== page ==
The devastation in Haiti that moved Canadians from coast to coast hit close to home for many in B.C., particularly in the Lower Mainland and on Vancouver Island. Here, empathy for the earthquake’s victims was magnified by the fact that a similar threat looms over much of this region as well.
Paulette Kinmond of World Vision commends local seniors for responding so rapidly to her organization’s appeals to help Haiti, but suggests they also be prepared for when disaster strikes in their own backyard. “Having your affairs in order is always important, but there’s an added sense of urgency if you live in an area that’s geographically vulnerable.”
Kinmond thinks that the latest earthquake in California may have been a wake-up call for seniors living on B.C.’s West Coast. Some local donors to World Vision were even prompted to take measures that will guarantee their impact on children’s lives continues to endure no matter what.
“One call came from a gentleman who’s 98 and sponsors 105 children,” Kinmond says. “He wanted to make a provision in his will so that the funds are there for them to keep on benefiting from sponsorship even when he passes on.”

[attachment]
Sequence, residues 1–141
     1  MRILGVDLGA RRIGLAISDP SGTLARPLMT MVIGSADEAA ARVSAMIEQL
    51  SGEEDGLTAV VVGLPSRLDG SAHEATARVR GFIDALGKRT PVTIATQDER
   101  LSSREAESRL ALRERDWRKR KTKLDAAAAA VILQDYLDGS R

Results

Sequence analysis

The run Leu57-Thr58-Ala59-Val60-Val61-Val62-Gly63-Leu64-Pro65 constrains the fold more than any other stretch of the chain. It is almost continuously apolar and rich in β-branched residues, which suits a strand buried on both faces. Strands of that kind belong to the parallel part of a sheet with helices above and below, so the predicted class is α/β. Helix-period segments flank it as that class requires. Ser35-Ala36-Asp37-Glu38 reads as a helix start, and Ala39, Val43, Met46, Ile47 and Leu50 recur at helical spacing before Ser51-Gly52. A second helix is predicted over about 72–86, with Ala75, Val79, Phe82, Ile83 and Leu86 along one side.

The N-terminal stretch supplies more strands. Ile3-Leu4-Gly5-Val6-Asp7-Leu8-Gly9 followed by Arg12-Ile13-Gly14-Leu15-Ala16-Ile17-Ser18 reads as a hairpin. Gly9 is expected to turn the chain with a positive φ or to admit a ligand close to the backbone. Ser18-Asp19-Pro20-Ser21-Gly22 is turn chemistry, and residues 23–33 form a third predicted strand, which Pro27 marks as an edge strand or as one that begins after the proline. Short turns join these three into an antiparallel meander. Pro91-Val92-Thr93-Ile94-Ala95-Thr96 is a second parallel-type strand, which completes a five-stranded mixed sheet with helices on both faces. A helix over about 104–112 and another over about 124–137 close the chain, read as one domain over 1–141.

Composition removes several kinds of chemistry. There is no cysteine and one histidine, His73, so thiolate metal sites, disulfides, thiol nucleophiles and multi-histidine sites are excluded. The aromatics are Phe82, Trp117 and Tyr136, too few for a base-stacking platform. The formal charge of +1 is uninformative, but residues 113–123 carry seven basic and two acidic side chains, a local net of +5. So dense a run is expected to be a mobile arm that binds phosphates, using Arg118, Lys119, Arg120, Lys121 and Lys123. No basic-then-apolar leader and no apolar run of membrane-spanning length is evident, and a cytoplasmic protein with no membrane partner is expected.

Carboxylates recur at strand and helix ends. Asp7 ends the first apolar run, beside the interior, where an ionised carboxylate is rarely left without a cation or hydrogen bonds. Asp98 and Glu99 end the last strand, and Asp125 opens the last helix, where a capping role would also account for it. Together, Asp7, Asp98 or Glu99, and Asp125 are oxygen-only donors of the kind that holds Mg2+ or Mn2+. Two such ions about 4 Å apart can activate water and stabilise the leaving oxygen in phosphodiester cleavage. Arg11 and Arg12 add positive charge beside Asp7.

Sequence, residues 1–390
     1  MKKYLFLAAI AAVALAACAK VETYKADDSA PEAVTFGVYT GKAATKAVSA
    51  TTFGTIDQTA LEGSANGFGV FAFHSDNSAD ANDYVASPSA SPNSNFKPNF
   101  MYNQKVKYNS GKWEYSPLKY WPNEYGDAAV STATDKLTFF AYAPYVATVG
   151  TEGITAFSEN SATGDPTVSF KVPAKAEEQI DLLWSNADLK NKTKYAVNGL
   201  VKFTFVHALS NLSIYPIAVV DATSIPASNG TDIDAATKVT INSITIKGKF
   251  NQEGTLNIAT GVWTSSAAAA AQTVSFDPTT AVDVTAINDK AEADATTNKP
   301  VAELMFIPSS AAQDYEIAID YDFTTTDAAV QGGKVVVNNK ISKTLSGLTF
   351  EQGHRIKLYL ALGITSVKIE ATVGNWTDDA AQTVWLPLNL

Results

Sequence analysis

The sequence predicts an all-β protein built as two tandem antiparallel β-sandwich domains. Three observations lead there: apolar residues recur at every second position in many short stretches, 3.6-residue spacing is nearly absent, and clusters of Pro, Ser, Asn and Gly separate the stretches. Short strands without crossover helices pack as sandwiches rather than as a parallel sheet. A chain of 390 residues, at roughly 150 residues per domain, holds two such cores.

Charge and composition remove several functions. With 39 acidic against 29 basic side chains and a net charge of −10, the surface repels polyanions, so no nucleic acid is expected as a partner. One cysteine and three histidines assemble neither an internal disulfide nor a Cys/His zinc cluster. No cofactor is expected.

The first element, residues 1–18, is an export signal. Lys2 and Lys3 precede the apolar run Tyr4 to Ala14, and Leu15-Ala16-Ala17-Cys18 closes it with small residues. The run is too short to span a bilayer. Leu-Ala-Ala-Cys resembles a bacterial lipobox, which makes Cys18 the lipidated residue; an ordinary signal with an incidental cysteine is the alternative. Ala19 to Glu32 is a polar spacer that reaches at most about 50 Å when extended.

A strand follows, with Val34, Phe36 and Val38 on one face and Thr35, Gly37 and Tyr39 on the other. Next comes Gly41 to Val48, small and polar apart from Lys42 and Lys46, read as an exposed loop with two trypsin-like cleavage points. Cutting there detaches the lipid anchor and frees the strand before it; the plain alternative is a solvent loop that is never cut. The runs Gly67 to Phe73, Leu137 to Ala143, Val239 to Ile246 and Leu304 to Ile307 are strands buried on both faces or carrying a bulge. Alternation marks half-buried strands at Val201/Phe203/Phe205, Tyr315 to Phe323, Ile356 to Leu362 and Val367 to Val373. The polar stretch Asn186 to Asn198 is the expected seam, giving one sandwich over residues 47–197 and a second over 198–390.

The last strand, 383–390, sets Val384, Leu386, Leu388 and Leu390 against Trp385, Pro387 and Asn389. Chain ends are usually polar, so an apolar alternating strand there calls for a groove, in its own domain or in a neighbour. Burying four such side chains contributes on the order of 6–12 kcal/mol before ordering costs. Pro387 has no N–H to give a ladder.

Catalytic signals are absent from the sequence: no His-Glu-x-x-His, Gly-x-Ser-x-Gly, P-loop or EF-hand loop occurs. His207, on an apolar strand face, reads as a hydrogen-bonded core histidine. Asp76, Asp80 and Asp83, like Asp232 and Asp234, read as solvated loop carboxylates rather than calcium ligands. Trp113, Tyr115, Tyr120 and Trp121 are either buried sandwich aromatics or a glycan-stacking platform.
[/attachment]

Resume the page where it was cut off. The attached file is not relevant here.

But planned giving to a charity like World Vision doesn’t just help children in need: it also helps family members through the charitable estate gift. “The benefits with planned giving can be substantial,” Kinmond says. “If you contact our planned giving department, we’ll work closely with you to maximize these benefits and make sure you meet all your various responsibilities and objectives.”
As Kinmond notes, it often takes a health scare before people start taking a serious look at their will plans to see if they truly represent who they are and what they want their legacy to be. “The problem with that is that you never know what might happen. … Those who’ve gone ahead and ensured their compassion for others will live on say it’s actually helped them to enjoy the present a lot more.”
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